Present & Future Collide at 2024 Hollomon Health Innovation Challenge – Foster Blog

Present & Future Collide at 2024 Hollomon Health Innovation Challenge - Foster Blog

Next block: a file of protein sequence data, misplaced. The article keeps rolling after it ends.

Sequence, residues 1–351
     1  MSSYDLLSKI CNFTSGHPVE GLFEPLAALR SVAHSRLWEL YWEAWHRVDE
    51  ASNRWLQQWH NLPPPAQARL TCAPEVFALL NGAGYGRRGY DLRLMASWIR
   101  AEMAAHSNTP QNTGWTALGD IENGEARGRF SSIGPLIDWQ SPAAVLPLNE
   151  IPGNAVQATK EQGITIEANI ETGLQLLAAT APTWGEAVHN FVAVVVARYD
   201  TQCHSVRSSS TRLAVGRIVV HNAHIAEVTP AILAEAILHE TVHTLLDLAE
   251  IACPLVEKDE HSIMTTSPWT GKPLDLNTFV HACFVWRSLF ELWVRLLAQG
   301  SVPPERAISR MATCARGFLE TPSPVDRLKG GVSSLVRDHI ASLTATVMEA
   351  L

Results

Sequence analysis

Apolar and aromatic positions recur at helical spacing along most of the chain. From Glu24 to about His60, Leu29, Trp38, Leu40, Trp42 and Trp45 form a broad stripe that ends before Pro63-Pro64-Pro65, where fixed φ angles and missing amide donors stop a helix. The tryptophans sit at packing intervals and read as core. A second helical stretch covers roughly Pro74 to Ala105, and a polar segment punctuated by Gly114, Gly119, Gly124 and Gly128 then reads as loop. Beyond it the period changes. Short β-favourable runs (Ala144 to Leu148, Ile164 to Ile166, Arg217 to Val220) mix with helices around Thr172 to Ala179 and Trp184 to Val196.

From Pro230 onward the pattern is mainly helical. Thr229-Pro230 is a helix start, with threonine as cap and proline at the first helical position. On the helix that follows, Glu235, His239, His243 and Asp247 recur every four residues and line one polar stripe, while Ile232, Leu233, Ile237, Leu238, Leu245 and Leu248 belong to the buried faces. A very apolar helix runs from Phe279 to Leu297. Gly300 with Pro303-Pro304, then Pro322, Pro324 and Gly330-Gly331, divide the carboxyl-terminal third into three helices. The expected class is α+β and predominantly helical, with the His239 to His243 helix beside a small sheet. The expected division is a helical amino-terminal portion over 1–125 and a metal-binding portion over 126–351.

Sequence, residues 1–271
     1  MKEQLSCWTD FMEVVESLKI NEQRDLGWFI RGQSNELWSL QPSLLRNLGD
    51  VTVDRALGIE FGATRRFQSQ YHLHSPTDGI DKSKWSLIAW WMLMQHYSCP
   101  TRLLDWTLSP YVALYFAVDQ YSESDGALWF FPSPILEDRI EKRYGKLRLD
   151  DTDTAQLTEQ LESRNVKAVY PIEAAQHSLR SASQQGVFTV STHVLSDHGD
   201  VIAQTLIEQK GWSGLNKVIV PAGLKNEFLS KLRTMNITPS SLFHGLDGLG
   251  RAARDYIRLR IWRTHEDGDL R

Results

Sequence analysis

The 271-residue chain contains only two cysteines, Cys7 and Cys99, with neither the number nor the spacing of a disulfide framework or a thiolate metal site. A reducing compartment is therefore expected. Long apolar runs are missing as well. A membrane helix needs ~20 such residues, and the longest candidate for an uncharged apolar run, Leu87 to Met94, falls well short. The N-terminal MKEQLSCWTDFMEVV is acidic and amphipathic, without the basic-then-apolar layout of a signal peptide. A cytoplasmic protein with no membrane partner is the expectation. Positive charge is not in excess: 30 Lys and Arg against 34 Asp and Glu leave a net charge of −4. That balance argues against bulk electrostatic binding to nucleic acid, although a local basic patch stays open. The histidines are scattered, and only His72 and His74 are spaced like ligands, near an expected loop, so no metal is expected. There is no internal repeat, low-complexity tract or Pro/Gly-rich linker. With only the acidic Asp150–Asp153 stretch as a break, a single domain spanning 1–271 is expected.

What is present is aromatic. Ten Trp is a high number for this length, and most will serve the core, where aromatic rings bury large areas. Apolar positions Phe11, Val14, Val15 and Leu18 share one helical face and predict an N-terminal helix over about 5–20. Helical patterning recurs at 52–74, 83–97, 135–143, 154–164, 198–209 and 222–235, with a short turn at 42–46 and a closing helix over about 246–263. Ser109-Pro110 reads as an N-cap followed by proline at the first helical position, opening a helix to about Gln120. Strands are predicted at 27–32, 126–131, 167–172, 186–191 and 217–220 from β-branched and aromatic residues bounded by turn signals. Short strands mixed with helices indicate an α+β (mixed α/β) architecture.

Present & Future Collide at 2024 Hollomon Health Innovation Challenge Sometimes the best innovations can seem more like science fiction than reality. Books and movies have talked of un-freezing heroes for decades. The students on team BioLegacy want to do the same. Only in this case, the heroes are the doctors and their patients waiting for desperately needed organs for transplant. Judges awarded BioLegacy the $15,000 WRF Capital Grand Prize at the 9th annual Hollomon Health Innovation Challenge (HIC) for its organ cryo-preservation and rewarming innovation. The team of Seattle University and University of Washington finance, mechanical engineering, and chemistry students are working to make the lifespan of transplant organs go from 24 hours of viability to potentially years. Many of the 22 teams who showcased at this year’s Final Round, hosted by the UW Foster School’s Buerk Center for Entrepreneurship, have ideas planted firmly between present impact and future possibility. The $10,000 Herbert B. Jones Foundation Second Place Prize was awarded to team Revyn Medical Technologies out of the University of Victoria in British Columbia. The team of biomedical engineering, engineering and computer science students are developing an improved speculum for gynecological care. They seek to upend a traditional device “that was developed in the 19th century” and is still used today. Judges selected Piezo-Pulse from the University of Washington for the $5,000 Acclara Third Place Prize. The team of applied bioengineering master’s students is developing an implantable “energy harvester” to dramatically extend the battery life for leadless pacemakers. Piezo-Pulse also received the $2,500 Fenwick & West Best Idea for a Medical Device Prize, which recognizes a medical device concept (for a physical product) with the most promising opportunity to significantly improve the lives of patients or providers. The 2024 HIC featured a record-breaking 53 applications from student teams across the Pacific Northwest and British Columbia. The finalists represented five different colleges and universities alone. A total of $41,000 in prizes went to student teams who pitched and created booths displaying their ideas to 100 judges representing the health, biotech, investor, and entrepreneurial communities across the Pacific Northwest. Team CarePath from the University of Washington received the $2,500 Kent & Lisa Sacia Best Idea in Digital Health Prize for its wayfinding product that aims to make hospital campuses safer and smarter. The team of Foster Executive MBA students is developing a scalable software solution that allows clinicians and patients to have easy access to turn-by-turn directions during a wide-range of care situations. The Digital Health Prize recognizes an innovative digital health application that has a high likelihood of being implemented in practical healthcare situations and is expected to have a meaningful impact. The $2,500 Jim & Timmie Hollomon Best Idea for Patient Safety Prize was awarded to ShockSafe from the University of Washington. The team of mechanical engineering and chemical engineering students developed an AED weight-detection accessory to distinguish between pediatric and adult patients during cardiac arrest emergencies. The prize recognizes a technology-enabled solution that aims to improve patient safety through the reduction of medication-related errors, medical complications with patient care, procedure/surgery-related errors, infections, and/or diagnostic errors. Team ReviveHer won the $2,500 Population Health Initiative Best Idea for Addressing Health Access and Disparities Prize. The group of biochemistry students from the University of Washington is developing a cutting-edge, universal attachment for training mannequins that addresses the gender disparities in CPR outcomes. The prize recognizes a student innovation or intervention that seeks to close the gap in health disparities for low-income and disadvantaged groups by increasing access to point-of-care healthcare services and/or addressing systemic biases within the current healthcare system. Judges also selected team ACT-NIRS from the University of Washington to receive a $1,000 Connie Bourassa-Shaw Spark Award, which recognizes teams that, in the eyes of the judges, just missed out on one of the top three awards. The team of applied bioengineering master’s students is developing a probe that detects brain tissue oxygenation and helps prevent severe neurological issues in critically ill pre-term infants. Health Innovation Challenge Journey Continues While seven different teams did take home awards at the event, no one left empty-handed. All teams who participated in the HIC (including those in the Screening Round) received detailed feedback from judges on how to move their innovations forward. Many will continue on by competing in the upcoming Alaska Airlines Environmental Innovation Challenge (March 28) and the multi-stage Dempsey Startup Competition (April/May) student competitions, or by applying again for the HIC next year. A few of the teams representing the University of Washington are also being supported by our partners at UW CoMotion. You can find this press release and other stories from the Buerk Center right now on the Foster blog by clicking the link at the bottom of our webpage.